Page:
AWS Big Data Blog
LaunchDarkly’s journey from ingesting 1 TB to 100 TB per day with Amazon Kinesis Data Streams
This post was co-written with Mike Zorn, Software Architect at LaunchDarkly as the lead author.
LaunchDarkly’s feature management platform enables customers to release features and measure their impact. As part of this platform, SDKs gather event data, and the event ingestion platform consumes and analyzes this data to measure impact. As the platform launched and customer adoption increased, we had to scale the event data pipeline to meet the demands of the business for new use cases that required zero data loss. We will explain the challenges that we ran into with the initial architecture and the advantages achieved by using Amazon Kinesis Data Streams and additional AWS services in the new architecture. We will also go into the different factors that we considered in the Amazon Kinesis Data Streams implementation for cost efficiency and performance.
LaunchDarkly’s mission is to fundamentally change how companies deliver software by helping them innovate faster, deploy fearlessly, and make each release a masterpiece. With LaunchDarkly, we allow customers to deploy when they want, release when they are ready, and get total control of the code to ship fast, reduce risk, and reclaim their nights and weekends.
In 2017, the event ingestion platform consisted of a fleet of web servers that would write events to several databases, as shown below, that stored event data to power several features of the LaunchDarkly product. These features allow LaunchDarkly’s customers to gain full visibility into how a feature is performing over time, optimize features through experimentation, and quickly verify their implementation. Unfortunately, all of the database writes to power these features were performed within a single process on these web servers, so if any one of these databases had an availability issue, events would queue up in memory until that process ran out of memory and crashed. Since that same database would be used to write data from each web server, all of them would eventually run out of memory and crash. This cycle would repeat itself until the database availability issue was rectified. During that time, there was a permanent loss of all of the event data that was sent by the SDKs.
The current system was tolerant of some data loss as the applications that used this data was limited. But the new features and workflows had stringer requirements on data-loss prevention.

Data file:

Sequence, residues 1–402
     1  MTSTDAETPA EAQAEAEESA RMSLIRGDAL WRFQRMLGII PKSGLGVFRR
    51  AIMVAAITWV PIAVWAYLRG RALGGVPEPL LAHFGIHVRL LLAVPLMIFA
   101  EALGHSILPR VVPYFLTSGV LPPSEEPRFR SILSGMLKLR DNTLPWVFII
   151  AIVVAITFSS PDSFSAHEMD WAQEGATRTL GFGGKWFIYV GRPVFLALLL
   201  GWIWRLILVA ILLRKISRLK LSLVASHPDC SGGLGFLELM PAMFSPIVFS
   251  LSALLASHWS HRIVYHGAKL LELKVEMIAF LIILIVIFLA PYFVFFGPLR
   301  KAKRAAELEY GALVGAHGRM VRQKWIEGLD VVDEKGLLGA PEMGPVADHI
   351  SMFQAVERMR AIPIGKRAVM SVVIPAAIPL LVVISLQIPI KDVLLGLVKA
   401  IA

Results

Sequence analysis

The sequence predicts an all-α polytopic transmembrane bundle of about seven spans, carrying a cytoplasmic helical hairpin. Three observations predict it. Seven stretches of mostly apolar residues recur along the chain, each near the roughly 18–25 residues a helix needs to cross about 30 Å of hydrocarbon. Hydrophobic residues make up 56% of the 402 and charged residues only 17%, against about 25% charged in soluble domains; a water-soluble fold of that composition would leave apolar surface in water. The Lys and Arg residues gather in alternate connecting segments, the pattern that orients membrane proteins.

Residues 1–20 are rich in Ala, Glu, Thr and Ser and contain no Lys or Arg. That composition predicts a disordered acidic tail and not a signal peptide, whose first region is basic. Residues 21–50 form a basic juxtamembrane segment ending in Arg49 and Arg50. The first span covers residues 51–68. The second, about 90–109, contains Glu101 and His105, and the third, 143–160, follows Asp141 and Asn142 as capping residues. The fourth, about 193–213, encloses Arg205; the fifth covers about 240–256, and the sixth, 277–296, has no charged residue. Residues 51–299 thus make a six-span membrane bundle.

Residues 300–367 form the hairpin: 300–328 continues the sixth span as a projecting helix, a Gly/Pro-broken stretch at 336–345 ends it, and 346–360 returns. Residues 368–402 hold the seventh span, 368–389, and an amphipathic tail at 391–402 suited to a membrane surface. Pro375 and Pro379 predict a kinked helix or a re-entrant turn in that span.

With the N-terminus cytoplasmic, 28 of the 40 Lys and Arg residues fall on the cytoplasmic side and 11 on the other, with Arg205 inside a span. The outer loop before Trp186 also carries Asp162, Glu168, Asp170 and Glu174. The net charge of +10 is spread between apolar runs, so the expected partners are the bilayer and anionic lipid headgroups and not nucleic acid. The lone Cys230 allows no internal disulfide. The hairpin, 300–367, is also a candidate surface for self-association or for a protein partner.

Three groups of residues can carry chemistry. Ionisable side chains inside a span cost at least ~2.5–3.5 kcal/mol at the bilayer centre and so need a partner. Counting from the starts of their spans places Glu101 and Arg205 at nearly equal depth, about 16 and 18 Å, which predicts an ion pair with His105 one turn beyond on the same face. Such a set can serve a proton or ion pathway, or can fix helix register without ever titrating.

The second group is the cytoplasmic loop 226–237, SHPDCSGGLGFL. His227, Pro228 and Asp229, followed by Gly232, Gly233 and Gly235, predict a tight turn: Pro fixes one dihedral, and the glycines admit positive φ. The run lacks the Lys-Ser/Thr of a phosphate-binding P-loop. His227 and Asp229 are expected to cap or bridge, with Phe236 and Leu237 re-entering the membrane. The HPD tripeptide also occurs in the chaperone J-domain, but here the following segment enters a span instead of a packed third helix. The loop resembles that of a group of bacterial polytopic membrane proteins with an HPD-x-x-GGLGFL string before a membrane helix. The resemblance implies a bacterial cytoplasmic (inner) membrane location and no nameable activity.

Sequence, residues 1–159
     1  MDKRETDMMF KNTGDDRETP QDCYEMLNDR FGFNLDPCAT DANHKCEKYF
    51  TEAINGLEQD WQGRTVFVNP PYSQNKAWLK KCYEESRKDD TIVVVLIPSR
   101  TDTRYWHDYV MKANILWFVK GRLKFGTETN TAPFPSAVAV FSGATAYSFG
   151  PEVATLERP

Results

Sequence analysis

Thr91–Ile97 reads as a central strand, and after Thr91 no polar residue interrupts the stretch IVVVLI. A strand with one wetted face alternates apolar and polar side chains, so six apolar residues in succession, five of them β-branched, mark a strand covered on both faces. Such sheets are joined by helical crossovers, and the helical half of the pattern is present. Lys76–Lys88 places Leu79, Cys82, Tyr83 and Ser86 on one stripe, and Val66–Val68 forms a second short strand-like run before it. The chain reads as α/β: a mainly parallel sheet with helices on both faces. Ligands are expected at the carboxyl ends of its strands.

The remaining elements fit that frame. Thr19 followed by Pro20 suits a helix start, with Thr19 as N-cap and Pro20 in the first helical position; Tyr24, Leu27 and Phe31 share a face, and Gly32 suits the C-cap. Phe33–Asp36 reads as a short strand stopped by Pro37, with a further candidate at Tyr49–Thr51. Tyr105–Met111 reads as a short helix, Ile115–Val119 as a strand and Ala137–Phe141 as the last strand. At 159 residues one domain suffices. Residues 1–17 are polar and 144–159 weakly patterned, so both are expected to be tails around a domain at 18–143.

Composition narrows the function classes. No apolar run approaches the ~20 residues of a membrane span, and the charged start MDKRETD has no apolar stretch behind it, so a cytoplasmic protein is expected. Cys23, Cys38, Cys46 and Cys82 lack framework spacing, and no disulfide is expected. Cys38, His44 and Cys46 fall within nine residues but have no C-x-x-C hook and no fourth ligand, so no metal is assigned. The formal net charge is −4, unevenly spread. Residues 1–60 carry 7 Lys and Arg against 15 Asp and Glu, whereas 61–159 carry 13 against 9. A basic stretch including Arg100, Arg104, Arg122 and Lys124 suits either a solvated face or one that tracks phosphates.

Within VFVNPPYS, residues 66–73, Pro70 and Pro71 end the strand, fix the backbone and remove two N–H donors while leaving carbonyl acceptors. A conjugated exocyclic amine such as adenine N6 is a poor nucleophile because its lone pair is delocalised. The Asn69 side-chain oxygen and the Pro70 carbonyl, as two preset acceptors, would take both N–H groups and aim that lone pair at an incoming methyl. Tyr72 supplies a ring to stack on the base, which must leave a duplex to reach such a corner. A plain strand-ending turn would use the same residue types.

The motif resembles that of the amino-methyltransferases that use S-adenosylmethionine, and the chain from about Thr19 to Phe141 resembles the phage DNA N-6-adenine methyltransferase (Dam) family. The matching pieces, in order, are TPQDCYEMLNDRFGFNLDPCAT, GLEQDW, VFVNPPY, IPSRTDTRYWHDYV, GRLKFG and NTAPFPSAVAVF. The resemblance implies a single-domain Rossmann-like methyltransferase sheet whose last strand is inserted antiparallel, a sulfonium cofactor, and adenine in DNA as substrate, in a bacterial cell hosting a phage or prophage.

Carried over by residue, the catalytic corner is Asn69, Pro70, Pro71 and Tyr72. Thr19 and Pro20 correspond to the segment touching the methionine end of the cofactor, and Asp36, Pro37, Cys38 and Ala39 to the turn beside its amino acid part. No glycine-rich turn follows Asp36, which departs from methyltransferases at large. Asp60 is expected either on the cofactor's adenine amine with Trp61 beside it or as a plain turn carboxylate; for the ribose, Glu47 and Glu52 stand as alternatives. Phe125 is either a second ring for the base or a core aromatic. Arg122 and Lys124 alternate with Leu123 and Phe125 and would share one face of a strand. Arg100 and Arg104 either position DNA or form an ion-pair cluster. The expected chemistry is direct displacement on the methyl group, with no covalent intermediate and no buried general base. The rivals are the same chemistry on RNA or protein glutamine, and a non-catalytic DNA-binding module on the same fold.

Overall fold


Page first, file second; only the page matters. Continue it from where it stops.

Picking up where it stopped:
We decided to explore alternatives where all the consumers are built with isolated fault tolerance, so each consumer is independent of one another in case of any issues. We built an event-driven pipeline that would be highly durable, scalable, and also provide the ability for data replay. As a result, we scaled from ingesting about 1 TB of data a day to more than 100 TBs of data now.
The following diagram illustrates our updated design. To support the new use cases, we added Amazon Kinesis Data Streams, AWS Lambda, and Amazon Kinesis Data Firehose to the architecture.
The design has the following key components
- Mobile client using the LaunchDarkly SDK to evaluate feature flags
- Application Load Balancer distributes traffic to Amazon EC2 nodes
- Amazon EC2 nodes run a go application that writes traffic to Amazon Kinesis Data Streams
- Amazon Kinesis Data Streams durably persist data
- AWS Lambda writes various types of data to databases
- Amazon OpenSearch Service records data about users
- Amazon ElastiCache records data about flag statuses
- Amazon Kinesis Firehose batches flag evaluation data and writes it to Amazon S3
- Amazon S3 records data about flag evaluations
Data flows from a LaunchDarkly SDK into the events API, which is backed by an Application Load Balancer (ALB). That ALB routes traffic to a fleet of Amazon EC2 servers. Those servers persist the data to Amazon Kinesis Data Streams. Data is then read out of Amazon Kinesis Data Streams by Lambda functions that transform and write the data in different formats to several databases. The design has a few properties that were very important to this use case.